What is Employment Equity?
Employment Equity is the term developed by Judge Rosalie Silberman Abella, Commissioner of the Royal Commission on Equality in Employment (1984), to describe a distinct Canadian process for achieving equality in all aspects of employment.
This term was meant to distinguish the process from the primarily American "Affirmative Action" model as well as to move beyond the "Equal Opportunity" measures available in Canada at that time.
Recognizing that systemic discrimination was responsible for most of the inequality found in employment, the Commission outlined a systemic response and chose the term "Employment Equity" to describe the process.
Employment Equity is an on-going planning process used by an employer to:
identify and eliminate barriers in an organization's employment procedures and policies;
put into place positive policies and practices to ensure the effects of systemic barriers are eliminated; and
ensure appropriate representation of "designated group" members throughout their workforce.
The goal of Employment Equity is to:
eliminate employment barriers for the four designated groups identified in the Employment Equity Act: women, persons with disabilities, Aboriginal people, members of visible minorities;
remedy past discrimination in employment opportunities and prevent future barriers;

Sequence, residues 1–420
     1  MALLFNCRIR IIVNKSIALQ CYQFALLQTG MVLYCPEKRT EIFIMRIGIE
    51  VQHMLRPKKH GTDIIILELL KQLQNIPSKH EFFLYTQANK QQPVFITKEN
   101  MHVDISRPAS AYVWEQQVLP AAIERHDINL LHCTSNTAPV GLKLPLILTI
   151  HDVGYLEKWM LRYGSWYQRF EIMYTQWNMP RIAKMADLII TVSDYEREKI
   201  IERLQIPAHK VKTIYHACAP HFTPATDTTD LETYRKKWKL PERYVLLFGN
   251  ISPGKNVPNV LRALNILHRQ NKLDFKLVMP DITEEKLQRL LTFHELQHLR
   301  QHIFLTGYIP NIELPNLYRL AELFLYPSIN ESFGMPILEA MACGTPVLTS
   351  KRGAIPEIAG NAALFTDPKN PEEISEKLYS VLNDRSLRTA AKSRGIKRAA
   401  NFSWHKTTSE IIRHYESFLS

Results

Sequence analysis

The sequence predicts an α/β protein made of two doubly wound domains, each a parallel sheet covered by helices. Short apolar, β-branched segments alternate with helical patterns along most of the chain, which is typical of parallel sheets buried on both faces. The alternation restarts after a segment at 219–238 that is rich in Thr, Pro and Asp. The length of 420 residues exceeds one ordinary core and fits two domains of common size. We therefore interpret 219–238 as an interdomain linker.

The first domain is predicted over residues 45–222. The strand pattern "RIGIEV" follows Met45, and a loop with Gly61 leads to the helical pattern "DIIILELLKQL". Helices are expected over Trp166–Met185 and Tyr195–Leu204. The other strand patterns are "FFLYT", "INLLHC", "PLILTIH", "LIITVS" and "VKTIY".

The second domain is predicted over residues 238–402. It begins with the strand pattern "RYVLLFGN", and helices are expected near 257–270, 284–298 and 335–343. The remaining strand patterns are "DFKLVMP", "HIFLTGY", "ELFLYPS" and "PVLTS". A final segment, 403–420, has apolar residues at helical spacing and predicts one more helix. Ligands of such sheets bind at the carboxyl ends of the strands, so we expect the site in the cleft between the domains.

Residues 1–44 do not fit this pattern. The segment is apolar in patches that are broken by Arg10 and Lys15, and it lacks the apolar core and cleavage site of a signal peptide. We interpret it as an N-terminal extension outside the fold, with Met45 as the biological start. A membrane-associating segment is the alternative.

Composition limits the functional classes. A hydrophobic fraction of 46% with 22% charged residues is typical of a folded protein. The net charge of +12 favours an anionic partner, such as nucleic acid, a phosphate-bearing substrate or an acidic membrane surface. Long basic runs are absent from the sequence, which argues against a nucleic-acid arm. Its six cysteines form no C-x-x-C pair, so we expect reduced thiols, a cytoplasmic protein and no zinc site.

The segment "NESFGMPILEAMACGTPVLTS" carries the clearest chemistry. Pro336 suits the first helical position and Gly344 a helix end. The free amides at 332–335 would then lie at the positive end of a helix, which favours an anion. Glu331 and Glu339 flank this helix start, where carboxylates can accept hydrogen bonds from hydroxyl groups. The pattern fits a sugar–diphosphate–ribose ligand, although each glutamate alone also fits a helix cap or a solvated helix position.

improve access and distribution throughout all occupations and at all levels for members of the four designated groups;
foster a climate of equity in the organization.
In Canada, there are two Federal Employment Equity Programs:
Legislated Employment Equity Program (LEEP):
Under the LEEP, the following employers are subject to the Employment Equity Act:
All federally regulated employers with 100 or more employees, including organizations in industries such as banking, communications, and international and interprovincial transportation. In 2000, there were approximately 394 such employers (private-sector employers and Crown corporations), representing approximately 612,344 employees.
All federal departments, representing approximately 155,360 employees. Other parts of the public service, including the Canadian Forces and the Royal Canadian Mounted Police may be specified by order of the Governor in Council, on the recommendation of the Treasury Board, as being required to comply with the EE Act.
Federal Contractors Program (FCP):
Under the FCP, employers with 100 or more employees who have secured a federal goods or services contract of $200,000 or more are required to sign a certificate of commitment to fulfill their mandated goal of implementing employment equity in their workplace.
As of May 1, 2002, there were approximately 891 federal contractors, representing approximately 1,082,184 employees.
For more Employment Equity information, click on the following:Human Resources and Skills Development Canada